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What is imitation crab actually made of, and should you be using it?

How do you feel about this fishy imposter?

Imitation crab
Marco Verch/Flickr

You’ve probably eaten your fair share of imitation crab meat, whether you realize it or not. Over the last few decades, this fishy imposter has greedily taken over many of our otherwise favorite foods. Dishes like crab cakes, sushi rolls, and the ever-popular deep-fried crab rangoon can no longer be trusted to contain our pinchy little ocean friends. Instead, these foods are most likely infused with surimi, an ocean imposter masquerading as a crab.

Of course, in an ever-changing world of new foods and culinary substitutions, it’s important to look at imitation crab through a judgment-free lens. After all, there are plenty of beautiful plant-based meats on the market. And where would be be without the plethora of soy and nut milks offered to us in the grocery store refrigerator? Any one particular food should not be discriminated against simply because it has evolved. So, where does that leave imitation crab?

What is imitation crab?

Imitation crab
gamjai/Adobe Stock

Imitation crab is made primarily from surimi. You may have seen this word on a menu and, like many, thought that surimi was a certain variety of fish. What surimi actually is, though, is a paste made from a mixture of pulverized fish such as Alaska pollock, Atlantic cod, haddock, and/or hake. Surimi generally comprises roughly 35% – 50% of imitation crab, with added fillers such as water, starch, sugars, oils, salt, and proteins like soy making up the remainder of the product. Generally speaking, there is absolutely no real crab in the mix, aside from a small amount of crab extract – a product made from boiling, baking, and pulverizing actual crab – that can be added for flavor.

To really wrap your mind around the concept, you might think of imitation crab as the hotdog of the seafood world – a hodgepodge of various fish bits and flavorings all pressed into a cylindrical tube of a processed food product. Yum.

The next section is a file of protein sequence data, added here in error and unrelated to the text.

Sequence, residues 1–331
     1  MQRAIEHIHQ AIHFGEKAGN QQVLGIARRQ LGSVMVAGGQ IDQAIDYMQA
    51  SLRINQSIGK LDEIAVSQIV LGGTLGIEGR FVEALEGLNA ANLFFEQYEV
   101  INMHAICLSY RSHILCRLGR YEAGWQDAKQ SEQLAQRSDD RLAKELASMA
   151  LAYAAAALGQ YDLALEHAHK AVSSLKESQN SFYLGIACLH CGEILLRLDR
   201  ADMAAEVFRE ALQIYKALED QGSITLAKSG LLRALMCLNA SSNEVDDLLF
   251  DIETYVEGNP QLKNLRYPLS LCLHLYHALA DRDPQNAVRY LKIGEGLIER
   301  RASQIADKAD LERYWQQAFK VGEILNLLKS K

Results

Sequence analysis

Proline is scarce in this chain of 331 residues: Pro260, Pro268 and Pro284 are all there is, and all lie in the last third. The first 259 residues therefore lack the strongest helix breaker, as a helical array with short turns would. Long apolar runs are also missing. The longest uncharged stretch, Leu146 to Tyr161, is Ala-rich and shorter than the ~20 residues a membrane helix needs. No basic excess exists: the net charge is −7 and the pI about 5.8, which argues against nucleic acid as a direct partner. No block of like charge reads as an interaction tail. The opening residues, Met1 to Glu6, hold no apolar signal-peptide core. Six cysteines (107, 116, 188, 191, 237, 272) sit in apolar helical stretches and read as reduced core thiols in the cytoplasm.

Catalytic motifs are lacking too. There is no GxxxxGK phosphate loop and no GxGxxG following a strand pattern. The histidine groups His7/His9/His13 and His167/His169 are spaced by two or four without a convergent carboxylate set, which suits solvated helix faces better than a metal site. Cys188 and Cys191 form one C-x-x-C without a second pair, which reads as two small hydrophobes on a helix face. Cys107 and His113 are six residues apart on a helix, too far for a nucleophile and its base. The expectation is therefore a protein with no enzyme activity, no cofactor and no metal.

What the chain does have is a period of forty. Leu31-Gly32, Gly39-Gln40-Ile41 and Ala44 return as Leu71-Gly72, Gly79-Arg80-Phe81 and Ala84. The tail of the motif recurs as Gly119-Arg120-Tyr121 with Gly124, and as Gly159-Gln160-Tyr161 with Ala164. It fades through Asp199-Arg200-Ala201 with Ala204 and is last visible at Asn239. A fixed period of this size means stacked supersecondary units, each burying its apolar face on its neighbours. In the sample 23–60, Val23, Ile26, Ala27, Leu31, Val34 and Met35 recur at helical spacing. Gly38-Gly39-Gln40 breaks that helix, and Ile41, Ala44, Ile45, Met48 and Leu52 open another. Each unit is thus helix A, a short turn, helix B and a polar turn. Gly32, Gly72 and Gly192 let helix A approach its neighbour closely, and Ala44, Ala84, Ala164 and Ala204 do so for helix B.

How is imitation crab made?

Imitation crab
Oleksandr/Adobe Stock

Sticking with our hotdog comparison, sometimes it’s better not to know how “the sausage gets made.” There are some things that the mind’s eye just can’t un-see. But for the truly (perhaps morbidly) curious at heart, this TikTok gives a three-minute rundown of the whole imitation crab-making process. Proceed with caution.

After the fish is minced and pressed into a paste (surimi), it is heated, blended with fillers, heated again, and then pressed into shapes that just ever-so-slightly resemble authentic crab meat….if you squint. These pieces are then vacuum-sealed and pasteurized before being shipped off to their respective buyers and distributors.

How is imitation crab used?

California roll

Imitation crab comes in many forms and can be found in most grocery stores’ refrigerated and frozen sections. Flakes, chunks, sticks, and shreds are all popular varieties used in countless preparations. Since the product is precooked, it can be eaten straight from its package or tossed directly into any dish, cold or hot.

Because imitation crab is so much cheaper than real crab, it’s a popular choice for mixtures where it might camouflage itself and pass as the real deal. Crab cakes, sushi rolls, dips, spreads, and soups are common places where it might be used. Of course, some people embrace the product for what it is and serve it atop salads or other dishes where it shines in all its processed fraudulent glory.

What are the pros and cons of eating imitation crab?

Imitation crab

In the interest of fairness, it’s essential that we consider both the pros and cons of imitation crab meat.


With overly processed foods, there are times to just go ahead and indulge. Damn the consequences, life is short, and all of that, right? Consider our friend the hotdog. Is it processed to oblivion, filling our bodies with unknown chemicals and god knows what else? Yes. But is it delicious? Also yes. So we feign ignorance and look the other way for the sake of flavor, nostalgia, baseball games, and backyard barbecues.

Now, take imitation crab. Is it also processed and, frankly, a bit strange? Yes. But is it delicious? No. Honestly, it’s pretty gross. We understand that a product that tastes like a crab with such a smaller price tag would be alluring. The problem is that imitation crab tastes nothing like the real thing. If it’s crab you’re craving, it’s far better just to loosen the purse strings and buy the real deal.

In addition to its lackluster flavor, imitation crab meat is far from a sustainable product. The overfishing of pollock – the most common fish used in surimi – has had a considerable impact on the environment, endangering animals like sea lions, fish, and seabirds that need pollock for their own survival.


It’s cheap. That’s it. That’s the whole list.

Lindsay Parrill
Lindsay is a graduate of California Culinary Academy, Le Cordon Bleu, San Francisco, from where she holds a degree in…
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